This month’s online exhibition features the work of Alina and Jeff Bliumis, who explore how the “noble idea” of Communist Russia ultimately failed and effected their lives. Below is a statement about the pieces in their own words: “Geometric Geography: Examples 5 and 6” appears, from a distance, as a Star of David. On closer examination,
Dear officials from the Steinhardt Foundation for Jewish Life, Koret Foundation, Charles and Lynn Schusterman Philanthropic Network, Nathan Cummings Foundation, and other major donors in the Jewish community; Thank you for your deep and sustained commitment to your vision of Jewish life. Your support has helped thousands of Jews thrive, learn, and improve the planet.
Elisheva Goldberg: Many who take the term “Zionism” for their battle cry tend to speak of the redemptive powers of nationalism; they insist that God is in their political camp. But this insertion of otherworldliness is inappropriate and dangerous.
The millennial impulse — the belief, hope, or fear that a fundamental global change is imminent — seems universal in human experience. It may be messianic (that is, focused around an individual savior) or impersonal. It may be religious or secular. But as scholars have shown, millennialism (the term refers not to the year 2000,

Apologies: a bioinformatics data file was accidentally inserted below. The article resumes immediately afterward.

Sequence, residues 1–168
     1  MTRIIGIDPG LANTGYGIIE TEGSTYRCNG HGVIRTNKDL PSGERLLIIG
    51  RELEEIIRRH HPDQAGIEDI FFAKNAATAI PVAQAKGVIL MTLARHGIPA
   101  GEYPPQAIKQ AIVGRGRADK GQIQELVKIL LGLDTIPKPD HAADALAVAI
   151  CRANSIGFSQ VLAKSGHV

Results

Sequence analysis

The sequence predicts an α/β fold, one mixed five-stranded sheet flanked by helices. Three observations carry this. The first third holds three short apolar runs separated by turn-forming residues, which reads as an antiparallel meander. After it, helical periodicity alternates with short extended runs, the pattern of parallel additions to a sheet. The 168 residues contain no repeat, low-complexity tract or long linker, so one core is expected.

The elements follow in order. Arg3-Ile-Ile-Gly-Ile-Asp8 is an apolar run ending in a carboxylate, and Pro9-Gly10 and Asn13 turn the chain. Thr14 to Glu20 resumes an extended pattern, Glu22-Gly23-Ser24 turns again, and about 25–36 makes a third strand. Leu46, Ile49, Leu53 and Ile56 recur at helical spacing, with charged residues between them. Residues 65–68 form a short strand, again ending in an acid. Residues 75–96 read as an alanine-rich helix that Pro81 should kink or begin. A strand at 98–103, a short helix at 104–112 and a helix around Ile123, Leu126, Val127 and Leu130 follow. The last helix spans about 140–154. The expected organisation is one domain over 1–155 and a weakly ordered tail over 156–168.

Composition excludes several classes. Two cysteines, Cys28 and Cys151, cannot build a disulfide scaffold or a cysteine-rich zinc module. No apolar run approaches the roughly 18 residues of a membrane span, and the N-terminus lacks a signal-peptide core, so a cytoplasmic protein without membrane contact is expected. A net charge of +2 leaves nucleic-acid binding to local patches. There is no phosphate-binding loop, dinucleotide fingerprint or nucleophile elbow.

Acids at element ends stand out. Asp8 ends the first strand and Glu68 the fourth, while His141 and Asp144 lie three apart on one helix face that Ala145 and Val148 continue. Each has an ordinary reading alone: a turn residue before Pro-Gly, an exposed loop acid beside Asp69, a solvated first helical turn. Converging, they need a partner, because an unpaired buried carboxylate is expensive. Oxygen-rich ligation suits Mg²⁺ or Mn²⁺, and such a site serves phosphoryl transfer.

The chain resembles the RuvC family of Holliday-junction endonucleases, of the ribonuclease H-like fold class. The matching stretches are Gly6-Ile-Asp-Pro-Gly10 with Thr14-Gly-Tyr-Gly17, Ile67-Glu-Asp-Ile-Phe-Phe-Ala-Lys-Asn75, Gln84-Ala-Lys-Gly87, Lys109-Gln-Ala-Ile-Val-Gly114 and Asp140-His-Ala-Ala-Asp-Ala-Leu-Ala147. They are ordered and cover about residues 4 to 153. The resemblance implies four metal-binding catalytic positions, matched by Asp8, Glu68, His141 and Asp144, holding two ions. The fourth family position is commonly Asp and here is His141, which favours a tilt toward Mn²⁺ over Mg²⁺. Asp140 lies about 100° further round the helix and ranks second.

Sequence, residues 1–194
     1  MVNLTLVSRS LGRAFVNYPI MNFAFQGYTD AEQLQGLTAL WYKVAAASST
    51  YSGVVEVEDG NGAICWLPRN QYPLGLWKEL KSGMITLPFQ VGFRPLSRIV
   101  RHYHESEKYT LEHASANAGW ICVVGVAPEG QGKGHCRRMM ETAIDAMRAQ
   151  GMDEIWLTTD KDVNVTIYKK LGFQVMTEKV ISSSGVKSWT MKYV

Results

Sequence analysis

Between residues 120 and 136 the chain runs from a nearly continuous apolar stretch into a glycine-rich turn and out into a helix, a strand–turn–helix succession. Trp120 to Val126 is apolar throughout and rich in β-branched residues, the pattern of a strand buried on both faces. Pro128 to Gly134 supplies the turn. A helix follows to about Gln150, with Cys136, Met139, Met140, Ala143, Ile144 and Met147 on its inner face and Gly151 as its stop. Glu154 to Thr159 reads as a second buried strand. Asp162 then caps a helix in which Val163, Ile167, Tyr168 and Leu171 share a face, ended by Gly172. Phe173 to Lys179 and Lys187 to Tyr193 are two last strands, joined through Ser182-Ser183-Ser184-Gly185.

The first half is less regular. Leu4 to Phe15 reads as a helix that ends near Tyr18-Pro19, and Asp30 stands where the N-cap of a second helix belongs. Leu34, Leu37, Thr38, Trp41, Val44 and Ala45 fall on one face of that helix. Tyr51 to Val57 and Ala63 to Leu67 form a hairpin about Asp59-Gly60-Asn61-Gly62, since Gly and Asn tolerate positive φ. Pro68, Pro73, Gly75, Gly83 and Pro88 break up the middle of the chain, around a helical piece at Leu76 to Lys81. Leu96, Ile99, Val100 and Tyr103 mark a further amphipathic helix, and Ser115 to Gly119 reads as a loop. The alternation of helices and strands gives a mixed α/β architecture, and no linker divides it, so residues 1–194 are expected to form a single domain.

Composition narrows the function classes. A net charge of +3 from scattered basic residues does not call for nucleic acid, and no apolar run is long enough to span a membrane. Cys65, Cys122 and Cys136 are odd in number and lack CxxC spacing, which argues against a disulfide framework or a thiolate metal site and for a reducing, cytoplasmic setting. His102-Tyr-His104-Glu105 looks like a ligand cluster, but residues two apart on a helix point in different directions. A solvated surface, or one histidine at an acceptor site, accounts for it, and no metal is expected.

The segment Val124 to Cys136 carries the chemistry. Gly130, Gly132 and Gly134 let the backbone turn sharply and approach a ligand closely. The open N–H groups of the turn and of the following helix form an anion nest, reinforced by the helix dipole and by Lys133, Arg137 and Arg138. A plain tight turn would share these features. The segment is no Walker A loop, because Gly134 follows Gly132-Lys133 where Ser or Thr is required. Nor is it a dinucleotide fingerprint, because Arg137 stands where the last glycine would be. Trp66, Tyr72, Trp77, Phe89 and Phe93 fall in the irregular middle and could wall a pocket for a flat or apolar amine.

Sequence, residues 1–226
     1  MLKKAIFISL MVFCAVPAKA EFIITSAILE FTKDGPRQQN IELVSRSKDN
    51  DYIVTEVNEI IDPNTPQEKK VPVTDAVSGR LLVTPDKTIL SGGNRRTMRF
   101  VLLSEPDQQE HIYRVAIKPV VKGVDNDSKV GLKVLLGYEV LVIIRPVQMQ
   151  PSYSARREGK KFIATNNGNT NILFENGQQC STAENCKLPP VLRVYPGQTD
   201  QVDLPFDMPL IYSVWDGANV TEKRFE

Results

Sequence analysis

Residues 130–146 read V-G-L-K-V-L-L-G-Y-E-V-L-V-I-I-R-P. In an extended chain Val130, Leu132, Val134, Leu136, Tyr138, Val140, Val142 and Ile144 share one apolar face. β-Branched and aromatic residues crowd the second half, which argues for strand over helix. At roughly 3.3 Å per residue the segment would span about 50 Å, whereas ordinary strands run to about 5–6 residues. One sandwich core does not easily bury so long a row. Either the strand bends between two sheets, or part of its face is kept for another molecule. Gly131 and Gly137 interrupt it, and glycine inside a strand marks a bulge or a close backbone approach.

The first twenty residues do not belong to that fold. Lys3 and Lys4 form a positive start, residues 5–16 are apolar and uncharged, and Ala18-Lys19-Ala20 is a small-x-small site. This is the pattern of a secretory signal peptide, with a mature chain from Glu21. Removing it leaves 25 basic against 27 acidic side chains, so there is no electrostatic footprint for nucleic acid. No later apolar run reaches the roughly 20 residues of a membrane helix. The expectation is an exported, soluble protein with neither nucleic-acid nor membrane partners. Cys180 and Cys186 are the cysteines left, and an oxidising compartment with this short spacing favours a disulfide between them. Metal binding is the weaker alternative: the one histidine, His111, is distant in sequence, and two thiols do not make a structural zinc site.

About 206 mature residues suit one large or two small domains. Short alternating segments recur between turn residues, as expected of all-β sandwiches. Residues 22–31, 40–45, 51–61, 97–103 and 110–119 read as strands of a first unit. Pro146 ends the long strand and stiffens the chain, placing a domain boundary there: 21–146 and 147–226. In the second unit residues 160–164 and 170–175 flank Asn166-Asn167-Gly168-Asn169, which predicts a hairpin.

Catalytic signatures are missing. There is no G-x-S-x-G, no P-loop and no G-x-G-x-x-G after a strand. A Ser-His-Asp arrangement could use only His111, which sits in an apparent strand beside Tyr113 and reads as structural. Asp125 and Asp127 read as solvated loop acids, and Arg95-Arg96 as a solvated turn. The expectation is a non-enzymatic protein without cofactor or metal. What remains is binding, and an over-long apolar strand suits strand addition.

ALINA AND JEFF Bliumis Geometric Geography: Examples 5 and 6” appears, from a distance, as a Star of David. On closer examination, one can see it is constructed from more than 1,500 Soviet Union-issued gold star pins. Each pin displays the child portrait of the founder of the Russian Communist Party, Vladimir Lenin. Both of
Lawrence Bush: Our religious tradition helped me be as cautious about the dangers of embracing socialism as I am about the dangers of living with the anarchic, idolatrous individualism of capitalism — cautious, but not paralyzed, because as both Karl Marx and the sages of the Talmud said (Kiddushin 40b), what counts is not just contemplating the world, but changing it.
I fell in love in a castle. It’s a great story for my grandchildren, how their Zayde and I fell in love 46 years ago at the castle at Brandeis University. And it’s a true story. It was a bright and cold February day when Cupid’s arrow hit; I remember every nuance of how I
“There is a crack in everything. That’s how the light gets in.” — Leonard Cohen, “Anthem” Leonard Cohen nails it! We can let go of striving for an illusion of perfection and embrace our brokenness. It is not a distraction from the path; it is the spiritual path of our everyday lives. But how do
When I teach undergraduates about the rise of Jewish denominations in the nineteenth century, I am regularly caught up short by many of my students’ responses. The borders of denominations meant everything to their leaders, who situated their movements as the true Judaism, and the other movements as not at all true. But those borders mean